My fondness for coconut grew out of an old Sunday ritual. I’d stand back, pressed against the kitchen counter, as mom prepared to crack the dry coconut on the floor of our Toronto apartment. The rough brown shell eventually succombed to the machete-like implement reserved for the occasion. Then, with bare hands wet from washing the pieces, mom broke each one into smaller portions to be grated and made into cream for rice & peas, a staple Jamaican side dish. All but one piece that is: into my palm she placed one small, delightul chunk of mouthwatering white flesh.
Since then, I’ve come to enjoy the distinct taste of coconut in everything from Indian curries to organic macaroons. (Though, oddly enough, I’ve never liked the water or jelly found in young green cocounts.) Canada’s Third Annual Coconut Festival presented an irresistible opportunity to explore the versatile food in Caribbean dishes and fare from around the world. I say fare because the bustling, downtown Toronto festival featured not only edibles, but health, beauty, craft and clothing items too. Whether you’re experiencing the unique flavour of coconut for the first or fortieth time, here are my top three must-try’s.
Pure Coconut Water
It’s been trending among the health-conscious for years, and for good reason. The pure liquid contains calcium, magnesium, phosphorous, potassium and sodium (great for post-workout hydration) and boasts several benefits like facilitating digestion and helping reduce blood pressure, among others. Sip it straight from a young green nut for an authentic taste, or look for a brand like Vita Coco that packages the water without added sugar.
King Fish Soft Taco
King Catering cooked up the most delicious coconut-infused main dishes, including their soft tacos, a modern twist on classic Jamaican eats. Atop my round flour tortilla was the perfect portion of lightly battered king fish, accompanied by coleslaw, coconut garlic sauce and chili mayo. The coconut was a natural complement to the spices and had presence without overpowering the fish. To try it, find King Catering at local festivals, hire them for your next event, or give the recipe a try at home!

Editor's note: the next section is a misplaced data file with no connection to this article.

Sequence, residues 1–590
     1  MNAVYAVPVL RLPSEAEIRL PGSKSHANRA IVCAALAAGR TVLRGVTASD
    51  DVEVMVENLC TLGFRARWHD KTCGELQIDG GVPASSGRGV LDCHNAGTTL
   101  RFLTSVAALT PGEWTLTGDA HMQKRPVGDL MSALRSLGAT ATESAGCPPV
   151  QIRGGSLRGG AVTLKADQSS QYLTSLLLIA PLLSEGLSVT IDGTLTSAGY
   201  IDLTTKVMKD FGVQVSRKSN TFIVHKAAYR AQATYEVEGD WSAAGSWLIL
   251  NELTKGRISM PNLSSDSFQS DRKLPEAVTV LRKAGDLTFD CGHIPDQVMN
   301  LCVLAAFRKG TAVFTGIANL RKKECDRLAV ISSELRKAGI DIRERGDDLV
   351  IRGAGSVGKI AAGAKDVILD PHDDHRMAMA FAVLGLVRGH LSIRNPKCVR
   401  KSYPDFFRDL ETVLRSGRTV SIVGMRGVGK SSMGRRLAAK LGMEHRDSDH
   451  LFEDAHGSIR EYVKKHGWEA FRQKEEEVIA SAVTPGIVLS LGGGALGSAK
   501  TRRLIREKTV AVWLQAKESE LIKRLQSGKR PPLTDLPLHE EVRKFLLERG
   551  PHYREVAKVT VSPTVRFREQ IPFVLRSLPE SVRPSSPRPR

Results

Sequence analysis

Okay, I said top three but I’m giving you four, because I couldn’t resist either of these delectable desserts.
Continuing the Jamaican theme, this baked treat became an instant favourite during my first childhood trip to the island.
(Jamaican Coconut) Drops
Dry chopped coconut, ginger, sugar and water are boiled into a rich syrup, which is then dropped by the spoonful onto wax paper and baked until hardened. The result is a sweet candy-like treat bursting with equal flavours of ginger and coconut. I got the real deal from an old Jamaican lady I found unpacking her baked goods at an unmarked table. Can’t wait ’til next year’s festival to try it? Look for homemade drops packaged in small sandwich bags near the front counter of Caribbean take-out and grocery stores.
Toronto’s Only Haupia Pie
Of course, the joy of cooking with coconut (in its many forms) is not limited to Jamaican cuisine. One look, and I couldn’t resist the presentation of Big E’s Hawaiian Grinds’ haupia pie. To compare, it’s essentially a personal size chocolate-coconut cream pie. The light, creamy filling will literally make you say “Mmm” at the first bite. Lactose-intolerant beware: it’s rich in dairy and served with (optional) whipped cream topping. Big E’s claims to offer Toronto’s only haupia pie so if you want to try it, you’ll have to find the food truck at an event or hire them for yours.
For more information about the Cocount Festival, visit coconutfestival.ca